Close-up of a quilt from my collection, dated 1908.
As I've mentioned in previous posts, quilts were often used by suffragists to raise money and awareness for the cause.
In 1912 a quilt was circulated to different suffrage meetings in Kansas. The quilt was attributed to "Grandma McLain" of Santa Fe, Kansas. She was a 92 year old suffragist; her daughter, Clara Colburn, was active in the movement.
No description of the quilt pattern or color was reported.
Flowers for Grandma
Sarah A. McLain (1821-1913) had nine children, six of whom had passed by 1913. According to one newspaper report, she had actually pieced the suffrage quilt for the association and the top was sent out to be quilted.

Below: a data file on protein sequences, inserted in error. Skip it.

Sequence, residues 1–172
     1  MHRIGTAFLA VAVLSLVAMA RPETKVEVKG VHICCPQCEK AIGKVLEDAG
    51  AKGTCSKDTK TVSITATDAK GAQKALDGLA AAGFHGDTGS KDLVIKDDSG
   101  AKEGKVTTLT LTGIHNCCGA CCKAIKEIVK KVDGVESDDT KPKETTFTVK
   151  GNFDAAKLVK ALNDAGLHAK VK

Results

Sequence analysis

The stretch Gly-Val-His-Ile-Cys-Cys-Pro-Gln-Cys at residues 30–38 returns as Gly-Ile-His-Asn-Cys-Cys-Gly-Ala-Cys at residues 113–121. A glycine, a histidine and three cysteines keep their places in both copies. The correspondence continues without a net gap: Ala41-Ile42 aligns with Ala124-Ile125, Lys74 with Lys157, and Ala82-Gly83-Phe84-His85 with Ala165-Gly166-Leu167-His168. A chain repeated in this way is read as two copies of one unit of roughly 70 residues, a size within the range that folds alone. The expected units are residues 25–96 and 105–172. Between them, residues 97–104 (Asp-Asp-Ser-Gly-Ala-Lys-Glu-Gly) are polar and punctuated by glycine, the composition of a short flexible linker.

The quilt was "offered to the town who would donate the largest amount to the cause." The quilt was reportedly sold in Liberal, Kansas in August.
One article reported, "If the voters do their duty at the polls in November, Grandma hopes to be able to vote in the future."
A twentieth century quilt block, recently donated by Pam B.
Grandma did get her wish. The Kansas referendum allowed women the right to vote in November of 1912!
Have a safe and happy day!